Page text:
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MSP Best Practices: Capturing the Right ROI

Posted by Thomas Mayhew on Jun 9, 2016 9:13:50 AM
Thomas Mayhew
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cloud-169276180  1 We hear the term “return on investment” (ROI) on a regular basis from marketing teams, but it seems as though not many people understand what it means or how to manage expectations before investing in a marketing strategy. More often than not, I hear of proposals being submitted to vendors, through programs such as assistance with market development funds (MDF),  that are created with zero details around ROI or anything deeper than “awareness” from a goals perspective. Proposals like these are simply a mixture of activities like happy hour-style events, search engine optimization (SEO) and search engine marketing (SEM) campaigns, sales incentives, etc., with little thought being put into tangible ROI. I often wonder if anyone asked what the goal was before developing a “strategy”?With the amount of available vendor funding for MSPs, it is more important than ever to understand and think through results that will drive success for your business in order to take your share of those dollars.

What I find missing from many ROI calculator equations is any mention of the work needed on the front-end of planning and executing a marketing campaign. Before anyone can tell you what activity is the best to invest in, they should able to speak to the most pressing question every person should ask: why?

Why choose an email over a web advertisement? Why target 500 customers vs. 5000? Why is the campaign built to cover one month vs. one quarter, or the entire year?  If there is not a sound reason, based on the ideas mentioned above, then it begs another question—why am I even doing this?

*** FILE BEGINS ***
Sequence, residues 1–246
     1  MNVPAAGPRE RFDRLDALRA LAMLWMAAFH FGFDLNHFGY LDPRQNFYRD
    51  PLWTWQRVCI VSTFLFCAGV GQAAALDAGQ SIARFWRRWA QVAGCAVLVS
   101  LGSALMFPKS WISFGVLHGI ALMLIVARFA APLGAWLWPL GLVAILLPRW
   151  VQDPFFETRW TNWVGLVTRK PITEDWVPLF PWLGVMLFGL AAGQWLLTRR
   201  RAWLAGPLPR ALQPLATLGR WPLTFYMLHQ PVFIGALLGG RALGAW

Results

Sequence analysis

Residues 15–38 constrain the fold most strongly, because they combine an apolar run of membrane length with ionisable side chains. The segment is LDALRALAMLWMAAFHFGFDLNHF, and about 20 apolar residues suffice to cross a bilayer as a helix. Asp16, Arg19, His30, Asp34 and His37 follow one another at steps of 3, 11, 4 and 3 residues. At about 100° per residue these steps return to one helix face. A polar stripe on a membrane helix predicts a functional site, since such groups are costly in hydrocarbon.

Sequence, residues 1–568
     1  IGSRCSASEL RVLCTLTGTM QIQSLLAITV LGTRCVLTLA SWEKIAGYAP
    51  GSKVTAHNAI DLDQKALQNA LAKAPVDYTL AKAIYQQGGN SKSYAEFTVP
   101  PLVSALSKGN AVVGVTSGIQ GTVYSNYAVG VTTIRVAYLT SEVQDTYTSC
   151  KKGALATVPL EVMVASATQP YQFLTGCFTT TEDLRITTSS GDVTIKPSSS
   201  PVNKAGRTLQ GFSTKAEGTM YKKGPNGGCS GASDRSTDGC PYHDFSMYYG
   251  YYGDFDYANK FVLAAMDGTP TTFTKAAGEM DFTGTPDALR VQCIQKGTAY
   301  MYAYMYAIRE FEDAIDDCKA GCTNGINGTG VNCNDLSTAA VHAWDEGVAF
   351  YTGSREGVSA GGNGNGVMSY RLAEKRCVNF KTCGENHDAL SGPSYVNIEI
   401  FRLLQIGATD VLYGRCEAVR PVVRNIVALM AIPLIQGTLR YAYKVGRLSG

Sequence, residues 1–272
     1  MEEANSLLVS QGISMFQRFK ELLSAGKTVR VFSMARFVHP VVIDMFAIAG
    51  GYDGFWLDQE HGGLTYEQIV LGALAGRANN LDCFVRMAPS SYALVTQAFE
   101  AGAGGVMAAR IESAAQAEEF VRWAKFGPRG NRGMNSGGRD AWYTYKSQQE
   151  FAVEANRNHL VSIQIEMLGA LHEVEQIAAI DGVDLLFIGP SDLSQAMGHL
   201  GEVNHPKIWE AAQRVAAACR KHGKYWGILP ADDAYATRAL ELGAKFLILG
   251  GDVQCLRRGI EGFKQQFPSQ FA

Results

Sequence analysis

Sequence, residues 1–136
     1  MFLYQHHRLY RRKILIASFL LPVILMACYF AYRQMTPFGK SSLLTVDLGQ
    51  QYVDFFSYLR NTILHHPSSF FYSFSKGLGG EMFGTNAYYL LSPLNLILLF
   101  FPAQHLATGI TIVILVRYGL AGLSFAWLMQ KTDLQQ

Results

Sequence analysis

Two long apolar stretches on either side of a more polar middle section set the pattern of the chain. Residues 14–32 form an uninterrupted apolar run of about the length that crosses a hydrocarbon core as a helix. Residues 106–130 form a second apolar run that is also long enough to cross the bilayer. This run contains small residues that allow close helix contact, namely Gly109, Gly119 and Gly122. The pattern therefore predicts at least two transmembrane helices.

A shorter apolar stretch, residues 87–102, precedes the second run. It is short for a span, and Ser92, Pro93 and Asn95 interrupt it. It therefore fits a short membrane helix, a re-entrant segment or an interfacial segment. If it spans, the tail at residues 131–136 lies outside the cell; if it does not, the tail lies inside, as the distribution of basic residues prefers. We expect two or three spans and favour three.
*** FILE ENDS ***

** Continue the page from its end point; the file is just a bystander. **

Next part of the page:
The end goal of most campaigns is to increase sales. While there are certainly many campaigns geared at increasing overall brand awareness, signing customers up for some type of loyalty program or another type of qualitative metric, sales is often the driving factor.

Some things to consider as best practices on predicting ROI and presenting expected results on the front end include knowing the timeframe of the campaign you want to launch. This allows you to set a baseline when measuring results. If you are running a one-month campaign in December and you want to increase sales, you would use the sales from November (any trends being taken into account, of course, for seasonality), or use the sales from December of the previous year. To accurately define your baseline, you must have identified a target audience first. Also, knowing your customers is extremely important. What trends can you identify—like average order size, seasonal buying patterns and geographic regions. These all play a key role in developing your campaigns and predicting ROI. 

There are obviously some assumptions that are made long-term, but if you have done your research and built a solid plan based on that research, you will be more successful in not only predicting ROI, but delivering on it. Marketo has done a good job of describing how to use analytics to build better marketing proposals and can serve as a great resource.


Tom Mayhew helps manage the Tech Data Cloud and Service Provider go-to-market strategies, and works closely with vendor partners to identify, understand and act upon market trends to build out more successful marketing plans. 

Tags: MSP Best Practices, Marketing Best Practices